You are watching: The narrator of a poem is known as the
Is tright here an tantamount term to refer to the character who "speaks" in a lyric poem? For instance, in Shakespeare"s Sonnet 18:
Shall I compare thee to a summer"s day?
What perform you speak to the "I" that wonders whether he should compare his lover to a summer"s day?
Quoting from here:
Persona as a literary term describes the narrator or speaker of the poem, not to be perplexed with the writer — a narrative voice other than the poet tells the entire poem. When the poet creates a character to be the speaker, that character is called the persona and also the poet imagines what it is favor to enter someone else’s personality. A great example of this is in Robert Browning’s “My Last Duchess”, wbelow the persona is the Fight It Out of Ferrara.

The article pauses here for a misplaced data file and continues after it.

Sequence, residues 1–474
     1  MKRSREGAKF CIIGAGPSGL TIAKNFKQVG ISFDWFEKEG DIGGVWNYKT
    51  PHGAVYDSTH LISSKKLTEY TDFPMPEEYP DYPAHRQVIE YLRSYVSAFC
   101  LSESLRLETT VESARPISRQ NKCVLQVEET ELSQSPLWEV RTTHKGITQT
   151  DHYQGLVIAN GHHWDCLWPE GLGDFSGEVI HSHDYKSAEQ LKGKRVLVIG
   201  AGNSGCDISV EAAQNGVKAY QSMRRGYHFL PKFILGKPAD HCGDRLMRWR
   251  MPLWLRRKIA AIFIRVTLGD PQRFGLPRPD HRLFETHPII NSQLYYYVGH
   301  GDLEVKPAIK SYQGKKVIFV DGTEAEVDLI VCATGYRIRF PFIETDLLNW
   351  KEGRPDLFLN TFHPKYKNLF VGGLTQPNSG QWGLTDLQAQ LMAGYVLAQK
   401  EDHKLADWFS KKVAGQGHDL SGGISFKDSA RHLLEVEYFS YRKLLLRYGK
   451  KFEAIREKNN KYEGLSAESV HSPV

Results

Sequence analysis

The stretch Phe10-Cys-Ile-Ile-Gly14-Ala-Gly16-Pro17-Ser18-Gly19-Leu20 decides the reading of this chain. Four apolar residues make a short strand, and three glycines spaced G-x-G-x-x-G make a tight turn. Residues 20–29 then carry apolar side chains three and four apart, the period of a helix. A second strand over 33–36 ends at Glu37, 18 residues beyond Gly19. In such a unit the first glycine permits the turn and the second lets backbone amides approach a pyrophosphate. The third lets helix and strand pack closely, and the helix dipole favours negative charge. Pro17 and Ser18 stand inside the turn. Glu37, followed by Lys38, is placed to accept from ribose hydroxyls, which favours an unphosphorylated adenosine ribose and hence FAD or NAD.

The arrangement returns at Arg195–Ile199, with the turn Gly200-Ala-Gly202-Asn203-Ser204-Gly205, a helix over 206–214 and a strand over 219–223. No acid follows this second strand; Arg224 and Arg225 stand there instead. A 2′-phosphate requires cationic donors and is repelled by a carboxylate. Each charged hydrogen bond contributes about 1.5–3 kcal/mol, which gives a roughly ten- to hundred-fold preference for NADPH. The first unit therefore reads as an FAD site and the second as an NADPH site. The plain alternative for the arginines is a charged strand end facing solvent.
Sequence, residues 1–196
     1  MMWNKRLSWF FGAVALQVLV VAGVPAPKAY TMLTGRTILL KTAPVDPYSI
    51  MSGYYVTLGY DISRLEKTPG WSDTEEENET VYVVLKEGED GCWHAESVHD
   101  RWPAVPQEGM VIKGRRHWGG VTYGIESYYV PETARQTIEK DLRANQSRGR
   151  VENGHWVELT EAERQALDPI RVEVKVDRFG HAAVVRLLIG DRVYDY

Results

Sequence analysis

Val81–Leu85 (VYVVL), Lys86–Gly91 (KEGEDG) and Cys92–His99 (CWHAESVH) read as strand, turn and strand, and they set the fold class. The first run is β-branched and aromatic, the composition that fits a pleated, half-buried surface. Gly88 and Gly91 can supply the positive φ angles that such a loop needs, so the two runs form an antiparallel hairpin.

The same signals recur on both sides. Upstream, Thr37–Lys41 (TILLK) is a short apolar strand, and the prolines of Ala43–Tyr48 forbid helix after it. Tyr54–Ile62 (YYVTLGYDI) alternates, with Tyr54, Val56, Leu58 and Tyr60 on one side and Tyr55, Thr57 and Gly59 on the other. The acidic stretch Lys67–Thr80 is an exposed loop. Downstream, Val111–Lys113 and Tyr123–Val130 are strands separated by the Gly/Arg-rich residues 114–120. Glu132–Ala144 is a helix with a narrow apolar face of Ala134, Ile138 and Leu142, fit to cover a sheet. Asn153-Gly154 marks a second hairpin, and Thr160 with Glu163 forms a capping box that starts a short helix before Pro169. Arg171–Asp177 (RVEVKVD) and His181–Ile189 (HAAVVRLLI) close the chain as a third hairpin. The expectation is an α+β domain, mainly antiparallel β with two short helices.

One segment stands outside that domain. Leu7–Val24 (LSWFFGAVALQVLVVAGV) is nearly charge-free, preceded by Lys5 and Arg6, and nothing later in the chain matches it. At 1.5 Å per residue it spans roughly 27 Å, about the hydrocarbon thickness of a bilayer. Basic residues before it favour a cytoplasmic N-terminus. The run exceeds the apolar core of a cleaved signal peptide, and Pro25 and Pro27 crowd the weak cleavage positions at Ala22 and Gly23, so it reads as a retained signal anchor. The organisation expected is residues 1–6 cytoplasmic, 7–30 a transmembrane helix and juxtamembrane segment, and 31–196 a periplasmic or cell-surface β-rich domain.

The term speaker is perhaps even more proper once referring to a poem, as a narrator might be puzzled via either the perkid interpreting the poem, or the narrator of a novel. However before, it constantly counts on exactly how you intfinish to use the term.
The term is narrator. You don"t have to look any type of further than that.
narrator |ˈnarātər| noun a perchild that narprices something, esp. a character who recounts the occasions of a novel or narrative poem.
See more: We Will Cross The Bridge When We Get There, Idiom: Cross That Bridge When We Get There
Sometimes people will certainly describe "the poet," however that is not really accurate, given that the poem might not be intfinished to be spoken from the actual poet"s perspective, yet instead by a character or voice the poet creates. Sometimes the voice or character is referred to as "the speaker," especially in the case of dramatic monologues (e.g., Browning"s "My Last Duchess").
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